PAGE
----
How Much Should I Share?

Earlier this year I did a pretty narcissistic thing. I ordered one of those Facebook “books” that compiles all of your activity from a set period of time, I chose 2014, and then prints it as a book. Turns out I generated over 300 pages of content in 2014 just from my Facebook and Instagram activity. Yikes! Well, ok, a good chunk of the “content” was actually comments from my friends on different things I had posted. Hey friends, guess what, you’re published authors now! Congrats! 

It was pretty fascinating to look at my life/self/world through that window. Print has its place. There is a “realness” to physical objects that digital just can’t compete with — at least not quite yet. But it also made me a gag a little. “Does the world really need this much 'Jeb'?” I thought. My conclusion — probably not. 

Recently I took off the month of July — from work, email, calendars and, yes, Facebook and its ilk. I deleted all the apps on my phone and began to separate from the “grid”. At the end of this month I found myself more relaxed, calmer and happier. I started to lose that habit of checking my phone all the time — email, Facebook, Instagram, Twitter, back to email, text, etc. My phone and all its tagalongs slowly became less and less a part of my being. It was awesome. I felt more alive.

When I returned to work I re-entered the world of email out of necessity but have kept social media at an arms length. I’m at something of a crossroads right now. What and how much should I share? Why am I sharing? Which conversations are best had in-person, which ones online?

I have struggled with how exactly to put my toe back in the social media waters. I don't want to come across as "judgey" or stingy to people in my life that I truly care about but I also don't want to accept an inferior experience as the experience. This is one of the problems with digital experiences. You don't have a lot to work with. Just imagine me here, right now, moving my hands around and leaning forward as you read this. Hard to do, right? Digital communication fundamental sucks. At least at this point. It strips out 90% (made up stat) of what is actually being communicated. Body language, energy, tone, pheromones, etc. Calling it "communication" is being generous. It's more like a black and white print of a Van Gogh. Nothing you would want to frame.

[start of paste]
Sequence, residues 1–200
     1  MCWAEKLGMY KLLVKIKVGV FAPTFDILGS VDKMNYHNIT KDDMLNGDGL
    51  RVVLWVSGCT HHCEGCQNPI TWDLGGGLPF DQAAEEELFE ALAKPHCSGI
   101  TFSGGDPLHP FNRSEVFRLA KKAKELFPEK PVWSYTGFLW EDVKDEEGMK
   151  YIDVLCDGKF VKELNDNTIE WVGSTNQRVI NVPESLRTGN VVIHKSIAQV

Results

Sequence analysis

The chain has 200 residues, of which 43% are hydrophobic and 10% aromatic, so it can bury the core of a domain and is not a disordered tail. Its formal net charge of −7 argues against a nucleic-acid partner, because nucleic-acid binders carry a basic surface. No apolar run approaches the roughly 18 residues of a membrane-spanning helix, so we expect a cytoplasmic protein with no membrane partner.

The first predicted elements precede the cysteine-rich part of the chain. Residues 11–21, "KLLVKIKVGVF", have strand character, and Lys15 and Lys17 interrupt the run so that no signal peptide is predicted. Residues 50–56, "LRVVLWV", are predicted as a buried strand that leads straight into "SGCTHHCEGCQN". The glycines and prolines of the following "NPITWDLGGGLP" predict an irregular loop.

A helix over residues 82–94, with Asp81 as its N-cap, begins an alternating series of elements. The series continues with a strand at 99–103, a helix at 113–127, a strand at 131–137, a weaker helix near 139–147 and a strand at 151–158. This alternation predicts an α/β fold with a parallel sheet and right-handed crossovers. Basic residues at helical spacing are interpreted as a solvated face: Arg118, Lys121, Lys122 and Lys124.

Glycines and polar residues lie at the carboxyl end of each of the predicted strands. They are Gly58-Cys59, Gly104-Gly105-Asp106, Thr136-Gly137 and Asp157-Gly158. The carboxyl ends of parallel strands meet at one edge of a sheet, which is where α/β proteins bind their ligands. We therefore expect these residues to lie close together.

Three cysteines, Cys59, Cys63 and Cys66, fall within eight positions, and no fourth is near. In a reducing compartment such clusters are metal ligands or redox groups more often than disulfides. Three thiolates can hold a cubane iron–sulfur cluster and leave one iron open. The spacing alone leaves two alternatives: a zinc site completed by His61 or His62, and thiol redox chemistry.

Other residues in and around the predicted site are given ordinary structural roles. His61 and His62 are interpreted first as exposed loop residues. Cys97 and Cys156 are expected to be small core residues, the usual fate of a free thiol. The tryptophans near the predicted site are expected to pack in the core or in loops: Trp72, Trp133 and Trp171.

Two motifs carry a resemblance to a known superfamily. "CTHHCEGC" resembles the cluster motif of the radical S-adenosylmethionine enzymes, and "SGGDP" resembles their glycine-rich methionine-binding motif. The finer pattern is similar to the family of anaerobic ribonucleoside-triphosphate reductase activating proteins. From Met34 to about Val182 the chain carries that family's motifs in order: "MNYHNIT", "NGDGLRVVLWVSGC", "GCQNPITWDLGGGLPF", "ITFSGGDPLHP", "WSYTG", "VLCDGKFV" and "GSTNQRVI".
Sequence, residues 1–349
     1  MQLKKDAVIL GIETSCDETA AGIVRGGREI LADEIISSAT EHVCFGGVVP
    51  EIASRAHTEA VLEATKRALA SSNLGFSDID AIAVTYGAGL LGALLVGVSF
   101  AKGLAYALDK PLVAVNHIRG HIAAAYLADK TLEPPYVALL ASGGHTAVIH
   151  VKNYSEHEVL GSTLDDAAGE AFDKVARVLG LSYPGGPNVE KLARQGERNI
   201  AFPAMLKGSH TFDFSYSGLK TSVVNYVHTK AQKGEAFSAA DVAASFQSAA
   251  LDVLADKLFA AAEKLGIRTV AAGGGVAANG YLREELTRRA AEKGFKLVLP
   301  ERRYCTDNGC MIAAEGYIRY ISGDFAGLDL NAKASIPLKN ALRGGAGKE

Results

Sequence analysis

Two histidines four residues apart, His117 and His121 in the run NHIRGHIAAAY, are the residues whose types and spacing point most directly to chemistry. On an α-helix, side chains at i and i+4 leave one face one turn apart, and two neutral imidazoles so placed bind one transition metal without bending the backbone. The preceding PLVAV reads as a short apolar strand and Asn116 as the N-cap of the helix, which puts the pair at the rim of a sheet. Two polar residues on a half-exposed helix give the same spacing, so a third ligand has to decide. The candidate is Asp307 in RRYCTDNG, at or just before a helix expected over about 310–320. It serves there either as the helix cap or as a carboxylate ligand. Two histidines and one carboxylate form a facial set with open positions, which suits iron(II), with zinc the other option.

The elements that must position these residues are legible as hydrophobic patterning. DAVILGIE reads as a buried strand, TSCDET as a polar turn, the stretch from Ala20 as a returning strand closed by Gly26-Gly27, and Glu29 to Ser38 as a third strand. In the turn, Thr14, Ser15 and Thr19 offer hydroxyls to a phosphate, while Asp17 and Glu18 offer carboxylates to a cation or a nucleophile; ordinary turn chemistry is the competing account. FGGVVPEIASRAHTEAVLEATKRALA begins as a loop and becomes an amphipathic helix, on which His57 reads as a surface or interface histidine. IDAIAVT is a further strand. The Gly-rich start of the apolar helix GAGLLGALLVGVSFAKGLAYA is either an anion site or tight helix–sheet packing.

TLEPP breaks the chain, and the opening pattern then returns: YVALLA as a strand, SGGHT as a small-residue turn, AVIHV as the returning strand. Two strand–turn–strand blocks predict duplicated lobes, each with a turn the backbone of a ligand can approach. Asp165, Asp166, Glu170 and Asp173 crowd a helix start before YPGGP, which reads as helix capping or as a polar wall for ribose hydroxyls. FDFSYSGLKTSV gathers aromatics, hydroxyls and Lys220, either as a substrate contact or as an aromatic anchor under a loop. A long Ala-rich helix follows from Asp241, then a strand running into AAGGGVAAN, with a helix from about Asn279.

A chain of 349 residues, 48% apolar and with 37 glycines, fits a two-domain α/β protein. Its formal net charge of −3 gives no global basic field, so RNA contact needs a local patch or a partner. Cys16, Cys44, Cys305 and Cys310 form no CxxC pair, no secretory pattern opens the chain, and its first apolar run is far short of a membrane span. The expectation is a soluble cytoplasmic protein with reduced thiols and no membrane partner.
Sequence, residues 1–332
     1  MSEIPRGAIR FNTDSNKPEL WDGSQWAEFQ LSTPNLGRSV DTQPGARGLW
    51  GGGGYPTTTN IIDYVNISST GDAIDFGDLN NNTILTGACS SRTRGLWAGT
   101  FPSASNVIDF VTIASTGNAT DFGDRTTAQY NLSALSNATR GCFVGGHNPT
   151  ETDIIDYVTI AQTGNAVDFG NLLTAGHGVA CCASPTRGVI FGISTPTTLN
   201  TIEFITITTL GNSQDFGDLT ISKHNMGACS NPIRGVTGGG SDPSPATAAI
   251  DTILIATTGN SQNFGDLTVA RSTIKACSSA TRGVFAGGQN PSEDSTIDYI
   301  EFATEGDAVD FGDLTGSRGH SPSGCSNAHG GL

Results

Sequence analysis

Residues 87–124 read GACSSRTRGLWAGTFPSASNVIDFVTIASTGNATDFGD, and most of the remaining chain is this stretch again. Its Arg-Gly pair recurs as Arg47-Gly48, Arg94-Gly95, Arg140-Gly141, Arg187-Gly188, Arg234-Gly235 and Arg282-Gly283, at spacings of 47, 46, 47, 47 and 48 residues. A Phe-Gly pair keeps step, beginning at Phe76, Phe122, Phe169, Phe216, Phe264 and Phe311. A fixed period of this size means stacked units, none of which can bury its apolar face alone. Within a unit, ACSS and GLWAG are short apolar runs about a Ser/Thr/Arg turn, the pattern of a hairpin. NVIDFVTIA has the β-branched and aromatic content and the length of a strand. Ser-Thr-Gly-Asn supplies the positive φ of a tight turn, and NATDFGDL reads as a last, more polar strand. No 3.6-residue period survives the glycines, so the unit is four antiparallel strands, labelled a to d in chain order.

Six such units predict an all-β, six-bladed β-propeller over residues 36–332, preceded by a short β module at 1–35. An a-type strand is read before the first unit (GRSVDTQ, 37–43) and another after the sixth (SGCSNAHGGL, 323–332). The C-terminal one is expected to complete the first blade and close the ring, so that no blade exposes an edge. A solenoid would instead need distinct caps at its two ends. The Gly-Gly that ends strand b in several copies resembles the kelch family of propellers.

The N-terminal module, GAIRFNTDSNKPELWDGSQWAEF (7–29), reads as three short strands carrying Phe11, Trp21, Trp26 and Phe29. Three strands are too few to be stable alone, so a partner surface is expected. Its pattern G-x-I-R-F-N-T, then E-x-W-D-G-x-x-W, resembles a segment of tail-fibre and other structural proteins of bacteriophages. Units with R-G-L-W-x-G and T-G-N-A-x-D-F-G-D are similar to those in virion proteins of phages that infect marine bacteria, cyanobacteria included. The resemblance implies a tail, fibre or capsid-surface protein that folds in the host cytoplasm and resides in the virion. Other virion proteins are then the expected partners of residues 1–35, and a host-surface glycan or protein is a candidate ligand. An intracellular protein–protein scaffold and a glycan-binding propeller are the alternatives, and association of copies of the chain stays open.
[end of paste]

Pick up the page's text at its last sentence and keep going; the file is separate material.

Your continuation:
Ever have that experience where you see a friend after a while and you start catching up but pretty soon you realize there isn’t much to catch up on? You have both been following each other online and already know the stories. For me, this has been a common experience over the last few years. It deflates the moment we are sharing. I love hearing a friend tell me a story. I love hearing it straight from them for the first time. It’s a core human thing — to sit with someone and tell stories. But we are all telling our stories to everyone, all the time. This isn't what sharing should be. It should be person to person, everyone fully present.

So for now, I’m being very selective about what I share. I have increasingly come to see online/digital/social sharing as diluting. Beauty, happiness, fun, sadness, pain. They are all basic human experiences. Sharing them doesn’t make them more real. In my experience sharing often makes things feel less real, turns moments into performances. Sharing is certainly part of being human, but a part does not make one whole.  If we rewire ourselves to have sharing as a default what will we be sacrificing in the process? Will our own voice grow more faint as the outside voices crowd in? 

Who knows where this will all go — the massive experiment we are engaged in, sharing our lives at a depth and rate like never before. There are good things about this – increased visibility and understanding into how people live – but there must be balance. We must honor our humanity above all else. 

In Defense of "Christian" Rock

Sufjan Steven’s new album “Carrie & Lowell” has sparked a good deal of discussion about whether it qualifies as “Christian" Rock.  In some of these essays there is an assumption that any music being categorized as such would be tarnished. 

Meanwhile over in Hip Hop land we have the new Kendrick Lemar record “To Pimp A Butterfly”. Lamar has been pretty outspoken about his Christianity. 

Both records catalog an artist struggling with belief. Both albums have profanity. Both albums are great. But just because the artists profess to be Christian does that make their music “Christian" Rock or Hip Hop? 

Let’s face it, contemporary "Christian" music has a bad rep for a good reason. It’s kinda amazing how bad most of it is. Listening to modern Christian radio is torturous, at least for me (not that I try it that often these days). It’s like every artist took the sound of an existing secular artist, made it worse then added something about Jesus. It just doesn’t work. 

But it didn’t used to be this way. Christian Rock used to be a lot weirder and better than it is now. Since I grew up listening to Christian (or Xian) Rock, I thought I might put the spotlight on a few of the better artists from the 70s and 80s. Back then Christian Rock was often as interesting as its secular counterpart. Here are some artists to check out. 

Larry Norman
Larry was the granddaddy of Xian Rock. His 1972 album “Only Visiting The Planet” remains one of my favorite records. He was something of the “Dylan” of Xian Rock, until Dylan took that position for a few years at the end of the 70s. He jumps from symphonic ballads to hard rockers like this track below. “6 O’Clock News”. 

Daniel Amos